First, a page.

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  • It's Alive! (and Waiting for the Governor's Signature) – Direct Shipping Bill in Maine

    On May 29th, “An Act To Increase Consumer Choice for Wine” (H 696) won initial approval by the Maine House of Representatives. On June 1st, only one legislative day later, the proposed act was passed by the Senate. The bill is waiting for Governor Baldacci’s signature before becoming law.

    If passed, H 696 would provide for a direct shipping permit, which would allow wineries to ship up to 12 cases of wine per year to the doorsteps of Maine consumers over the age of 21. As with any direct shipping bill, the freedom to deliver wine to a consumer’s home comes with a few restrictions, but none are overly burdensome. Some specific requirements include:

    • Collection and payment of sales tax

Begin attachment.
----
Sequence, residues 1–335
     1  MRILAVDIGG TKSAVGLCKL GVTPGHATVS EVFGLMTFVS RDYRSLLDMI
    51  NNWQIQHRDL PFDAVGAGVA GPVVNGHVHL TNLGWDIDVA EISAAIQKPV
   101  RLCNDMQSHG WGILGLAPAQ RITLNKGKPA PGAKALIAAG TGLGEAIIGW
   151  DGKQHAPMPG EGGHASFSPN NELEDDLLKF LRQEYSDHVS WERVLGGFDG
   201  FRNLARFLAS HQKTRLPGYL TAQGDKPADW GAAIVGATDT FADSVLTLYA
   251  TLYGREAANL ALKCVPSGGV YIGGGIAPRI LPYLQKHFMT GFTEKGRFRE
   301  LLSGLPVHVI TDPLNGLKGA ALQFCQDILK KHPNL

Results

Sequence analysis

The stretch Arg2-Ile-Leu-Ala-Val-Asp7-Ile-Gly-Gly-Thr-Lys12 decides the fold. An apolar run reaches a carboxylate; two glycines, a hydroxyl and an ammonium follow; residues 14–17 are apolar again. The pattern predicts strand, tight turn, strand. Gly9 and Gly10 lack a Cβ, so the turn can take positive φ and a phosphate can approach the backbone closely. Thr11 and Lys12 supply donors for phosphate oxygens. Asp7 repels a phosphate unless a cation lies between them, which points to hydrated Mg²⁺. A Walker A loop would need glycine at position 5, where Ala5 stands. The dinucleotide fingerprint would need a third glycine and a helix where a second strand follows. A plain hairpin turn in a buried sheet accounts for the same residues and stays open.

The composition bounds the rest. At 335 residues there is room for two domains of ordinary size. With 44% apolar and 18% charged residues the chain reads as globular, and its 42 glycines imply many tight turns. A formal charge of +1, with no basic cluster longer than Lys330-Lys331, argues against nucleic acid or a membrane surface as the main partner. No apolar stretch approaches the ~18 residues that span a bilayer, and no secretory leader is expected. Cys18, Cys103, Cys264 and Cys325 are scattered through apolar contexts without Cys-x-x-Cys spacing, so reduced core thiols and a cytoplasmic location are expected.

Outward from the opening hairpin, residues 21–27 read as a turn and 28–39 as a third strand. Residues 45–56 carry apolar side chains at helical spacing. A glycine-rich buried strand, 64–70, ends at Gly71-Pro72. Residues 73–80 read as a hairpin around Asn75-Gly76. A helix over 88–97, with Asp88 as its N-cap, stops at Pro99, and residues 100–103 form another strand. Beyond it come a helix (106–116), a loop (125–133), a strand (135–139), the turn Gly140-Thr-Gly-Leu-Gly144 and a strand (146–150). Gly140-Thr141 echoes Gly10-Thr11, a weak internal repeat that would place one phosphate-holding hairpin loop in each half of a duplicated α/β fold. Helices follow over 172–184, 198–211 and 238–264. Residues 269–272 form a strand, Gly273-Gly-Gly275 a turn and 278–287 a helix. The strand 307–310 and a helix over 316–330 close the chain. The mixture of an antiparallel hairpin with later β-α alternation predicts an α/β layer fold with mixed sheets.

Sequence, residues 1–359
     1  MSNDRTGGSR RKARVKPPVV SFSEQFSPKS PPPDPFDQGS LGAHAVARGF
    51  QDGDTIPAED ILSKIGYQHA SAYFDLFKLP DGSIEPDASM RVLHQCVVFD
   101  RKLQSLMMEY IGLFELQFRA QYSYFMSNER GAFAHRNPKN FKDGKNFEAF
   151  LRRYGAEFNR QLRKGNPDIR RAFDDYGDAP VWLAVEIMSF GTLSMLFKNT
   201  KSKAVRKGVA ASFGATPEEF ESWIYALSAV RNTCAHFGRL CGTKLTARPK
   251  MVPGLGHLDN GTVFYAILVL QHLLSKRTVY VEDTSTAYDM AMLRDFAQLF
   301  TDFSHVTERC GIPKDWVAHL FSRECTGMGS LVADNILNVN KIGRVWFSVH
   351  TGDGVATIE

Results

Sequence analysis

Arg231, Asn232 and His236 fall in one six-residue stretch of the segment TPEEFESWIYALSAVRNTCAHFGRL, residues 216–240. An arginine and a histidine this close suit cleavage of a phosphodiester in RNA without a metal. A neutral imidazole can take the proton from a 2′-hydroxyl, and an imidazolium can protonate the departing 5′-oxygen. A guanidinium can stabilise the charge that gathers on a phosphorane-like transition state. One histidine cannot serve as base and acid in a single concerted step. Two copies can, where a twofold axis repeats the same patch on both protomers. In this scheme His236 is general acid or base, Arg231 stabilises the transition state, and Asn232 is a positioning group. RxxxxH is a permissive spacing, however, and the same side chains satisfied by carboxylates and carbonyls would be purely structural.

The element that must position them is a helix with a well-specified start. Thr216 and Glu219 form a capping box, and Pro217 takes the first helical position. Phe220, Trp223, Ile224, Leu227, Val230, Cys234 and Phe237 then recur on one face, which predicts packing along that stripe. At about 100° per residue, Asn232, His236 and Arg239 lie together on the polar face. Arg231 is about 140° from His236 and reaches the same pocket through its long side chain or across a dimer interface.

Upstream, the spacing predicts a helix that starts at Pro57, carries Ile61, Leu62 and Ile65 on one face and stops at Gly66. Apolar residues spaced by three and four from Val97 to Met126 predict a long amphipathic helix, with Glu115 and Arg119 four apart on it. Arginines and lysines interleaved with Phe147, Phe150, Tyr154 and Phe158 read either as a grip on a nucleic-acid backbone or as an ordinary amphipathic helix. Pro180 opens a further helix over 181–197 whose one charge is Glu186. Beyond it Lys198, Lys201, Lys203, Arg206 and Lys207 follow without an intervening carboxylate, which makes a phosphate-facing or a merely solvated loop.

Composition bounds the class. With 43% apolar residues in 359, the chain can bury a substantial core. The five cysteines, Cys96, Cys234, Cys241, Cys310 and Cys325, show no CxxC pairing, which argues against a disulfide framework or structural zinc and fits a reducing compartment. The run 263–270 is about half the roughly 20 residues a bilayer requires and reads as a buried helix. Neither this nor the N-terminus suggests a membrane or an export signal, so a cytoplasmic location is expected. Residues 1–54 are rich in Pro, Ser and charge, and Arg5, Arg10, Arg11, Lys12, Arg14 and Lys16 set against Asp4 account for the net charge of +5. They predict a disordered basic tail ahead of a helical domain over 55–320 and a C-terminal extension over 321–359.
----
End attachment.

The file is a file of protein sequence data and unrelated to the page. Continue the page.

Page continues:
• Quarterly reporting and payment of excise tax
    • $200 license fee; $50 renewal fee
    • Photo ID verification and signature of recipient upon delivery
    • Licensees may not ship wine in a container smaller than 750 mL
    • Licensees may not ship to local option areas or areas identified as a prohibited shipping area

    The expeditious passage of H 696 through the Maine Senate is a welcome event for wineries across the country. A bill that would allow winery-to-consumer shipping in Tennessee is also waiting for a signature from their governor. If both of these measures are signed into law, Maine and Tennessee will join Kansas in the ranks of previously prohibited states who have adopted favorable direct shipping laws in 2009.


    UPDATE: The Senate introduced an amendment that addresses some carrier issues as proposed in Committee Amendment “A”. The bill must again be read (date set for 6/3/2009) by the House before being considered for passage into Law.


    UPDATE 6/5/2009: The Maine legislature passed the bill to be enacted on June 5th, 2009 with a carrier amendment. The bill is now ready to be sent to the governor. Once received by Governor Baldacci, he has 10 days (not including Sundays) to take action, otherwise the bill becomes law without his signature.

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